Should a trustee provide accounting statements to beneficiaries, particuarly when the estate is not settled immediately. My mother's estate has not been completely distributed and I, as a beneficiary, have asked the trustee, my brother, for an accounting of income and expenses as well as a distribution list. I found out by accident that the estate paid $16,000 in taxes on income which the estate incurred from dividends and interest, plus penalty for not completing or deposting estimated taxes for two consecutive years. Although I have asked for an accounting report, I either get ignored or I am given pieces of information such as a list of current assets. What I would like is to get complete financial statements such as income/expense statement, and distribution list to date.
I feel that if I was given the financial information, including the information on taxes paid,, I would have insisted that the estate be closed as soon as possible.
Please let me know what my rights as a beneficiary are.
The answer to your question is that your rights as a beneficiary include the right to receive an accounting. However, you probably do not have the right to receive an accounting more often than annually. To know how often you have to first check the trust instrument and see what it provides. Otherwise, state law limits the timing to once per year. Some of the relevant code sections are printed below for your convenience. You can find the rest of them at Findlaw.com. If your interest in the estate is quite valuable, e.g., $100,000 or more, then you should retain a lawyer to communicate with the trustee's counsel. There are a great many highly competent such lawyers in San Francisco.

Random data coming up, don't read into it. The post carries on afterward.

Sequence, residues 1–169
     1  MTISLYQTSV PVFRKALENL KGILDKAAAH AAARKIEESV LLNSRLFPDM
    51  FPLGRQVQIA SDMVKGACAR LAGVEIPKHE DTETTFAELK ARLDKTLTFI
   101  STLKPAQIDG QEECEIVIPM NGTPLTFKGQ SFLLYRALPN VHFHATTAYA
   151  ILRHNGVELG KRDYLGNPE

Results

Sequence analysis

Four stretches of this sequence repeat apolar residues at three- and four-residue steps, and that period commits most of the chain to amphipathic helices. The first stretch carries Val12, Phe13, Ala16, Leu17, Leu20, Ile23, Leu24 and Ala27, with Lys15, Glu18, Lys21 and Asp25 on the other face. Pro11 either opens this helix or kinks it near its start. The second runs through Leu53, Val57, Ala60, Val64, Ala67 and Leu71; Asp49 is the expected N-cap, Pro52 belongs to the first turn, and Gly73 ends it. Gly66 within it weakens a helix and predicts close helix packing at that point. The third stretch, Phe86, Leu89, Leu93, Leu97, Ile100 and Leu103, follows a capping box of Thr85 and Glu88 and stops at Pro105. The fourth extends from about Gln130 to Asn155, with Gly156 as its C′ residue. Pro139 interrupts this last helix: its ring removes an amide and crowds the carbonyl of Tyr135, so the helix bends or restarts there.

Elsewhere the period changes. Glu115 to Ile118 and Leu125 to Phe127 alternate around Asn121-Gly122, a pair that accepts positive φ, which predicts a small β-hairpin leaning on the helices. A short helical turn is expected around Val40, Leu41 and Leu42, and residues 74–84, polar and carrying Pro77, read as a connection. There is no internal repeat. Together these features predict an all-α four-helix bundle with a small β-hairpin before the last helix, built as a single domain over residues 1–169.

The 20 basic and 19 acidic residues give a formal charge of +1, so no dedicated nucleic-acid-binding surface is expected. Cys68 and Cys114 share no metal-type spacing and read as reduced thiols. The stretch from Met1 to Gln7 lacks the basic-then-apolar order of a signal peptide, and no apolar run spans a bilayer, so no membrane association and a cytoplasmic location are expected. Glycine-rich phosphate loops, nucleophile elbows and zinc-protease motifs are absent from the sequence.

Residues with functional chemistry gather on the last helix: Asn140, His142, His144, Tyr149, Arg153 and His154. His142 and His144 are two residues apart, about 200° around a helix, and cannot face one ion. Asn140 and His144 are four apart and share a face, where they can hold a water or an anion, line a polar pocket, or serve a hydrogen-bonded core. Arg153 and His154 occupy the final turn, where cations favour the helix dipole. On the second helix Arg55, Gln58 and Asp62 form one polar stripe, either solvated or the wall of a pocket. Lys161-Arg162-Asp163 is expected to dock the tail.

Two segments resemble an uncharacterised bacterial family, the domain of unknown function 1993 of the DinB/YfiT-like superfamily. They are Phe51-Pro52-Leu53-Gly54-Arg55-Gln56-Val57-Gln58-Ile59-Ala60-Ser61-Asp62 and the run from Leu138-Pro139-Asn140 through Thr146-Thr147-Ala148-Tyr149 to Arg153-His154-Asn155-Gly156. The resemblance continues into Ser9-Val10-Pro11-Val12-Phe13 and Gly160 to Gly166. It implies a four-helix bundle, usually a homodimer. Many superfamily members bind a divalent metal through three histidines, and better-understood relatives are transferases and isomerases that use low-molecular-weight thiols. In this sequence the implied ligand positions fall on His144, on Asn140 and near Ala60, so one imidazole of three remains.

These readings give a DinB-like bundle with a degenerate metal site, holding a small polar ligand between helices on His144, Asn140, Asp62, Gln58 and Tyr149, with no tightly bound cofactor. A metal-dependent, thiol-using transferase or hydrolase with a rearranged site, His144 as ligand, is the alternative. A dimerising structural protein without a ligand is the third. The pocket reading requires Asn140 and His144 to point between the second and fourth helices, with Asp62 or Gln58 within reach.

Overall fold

California Probate Code Section 16060 provides that "The trustee has a duty to keep the beneficiaries of the trust reasonably informed of the trust and its administration."
California Probate Code Section 16061 provides that "Except as provided in §16064, on reasonable request by a beneficiary, the trustee shall provide the beneficiary with a report of information about the assets, liabilities, receipts, and disbursements of the trust, the acts of the trustee, and the particulars relating to the administration of the trust relevant to the beneficiary's interest, including the terms of the trust that describe or affect the beneficiary's interest."
California Probate Code Section 16062(a) provides "Except as otherwise provided in this section and in §16064, the trustee shall account at least annually, at the termination of the trust, and upon a change of trustee, to each beneficiary to whom income or principal is required or authorized in the trustee's discretion to be currently distributed."